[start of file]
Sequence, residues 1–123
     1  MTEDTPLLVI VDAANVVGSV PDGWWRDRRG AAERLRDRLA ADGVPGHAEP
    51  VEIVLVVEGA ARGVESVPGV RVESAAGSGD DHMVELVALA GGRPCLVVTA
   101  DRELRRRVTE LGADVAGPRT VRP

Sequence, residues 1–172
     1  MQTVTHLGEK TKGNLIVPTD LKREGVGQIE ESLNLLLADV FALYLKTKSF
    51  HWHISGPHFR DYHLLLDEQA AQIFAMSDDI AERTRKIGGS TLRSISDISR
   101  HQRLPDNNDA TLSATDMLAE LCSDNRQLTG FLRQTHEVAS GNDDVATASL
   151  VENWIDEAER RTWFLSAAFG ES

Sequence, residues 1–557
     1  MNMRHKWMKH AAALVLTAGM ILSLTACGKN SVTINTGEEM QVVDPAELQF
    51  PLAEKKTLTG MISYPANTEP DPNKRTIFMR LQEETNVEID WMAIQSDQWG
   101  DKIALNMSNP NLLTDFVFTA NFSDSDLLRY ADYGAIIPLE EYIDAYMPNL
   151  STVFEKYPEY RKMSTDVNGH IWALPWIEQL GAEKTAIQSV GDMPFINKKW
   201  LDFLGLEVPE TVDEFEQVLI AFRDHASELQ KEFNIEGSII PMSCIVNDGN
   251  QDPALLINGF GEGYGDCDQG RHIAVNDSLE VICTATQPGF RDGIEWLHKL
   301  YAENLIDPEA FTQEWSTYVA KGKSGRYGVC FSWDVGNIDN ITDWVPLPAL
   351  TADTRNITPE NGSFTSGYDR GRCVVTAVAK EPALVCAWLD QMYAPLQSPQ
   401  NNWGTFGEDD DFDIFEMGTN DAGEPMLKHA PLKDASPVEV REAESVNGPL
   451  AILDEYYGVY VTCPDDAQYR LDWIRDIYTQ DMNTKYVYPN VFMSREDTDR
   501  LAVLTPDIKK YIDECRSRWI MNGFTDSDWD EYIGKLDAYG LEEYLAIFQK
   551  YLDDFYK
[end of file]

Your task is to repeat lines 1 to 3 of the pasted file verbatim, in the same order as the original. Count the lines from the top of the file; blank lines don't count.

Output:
Sequence, residues 1–123
     1  MTEDTPLLVI VDAANVVGSV PDGWWRDRRG AAERLRDRLA ADGVPGHAEP
    51  VEIVLVVEGA ARGVESVPGV RVESAAGSGD DHMVELVALA GGRPCLVVTA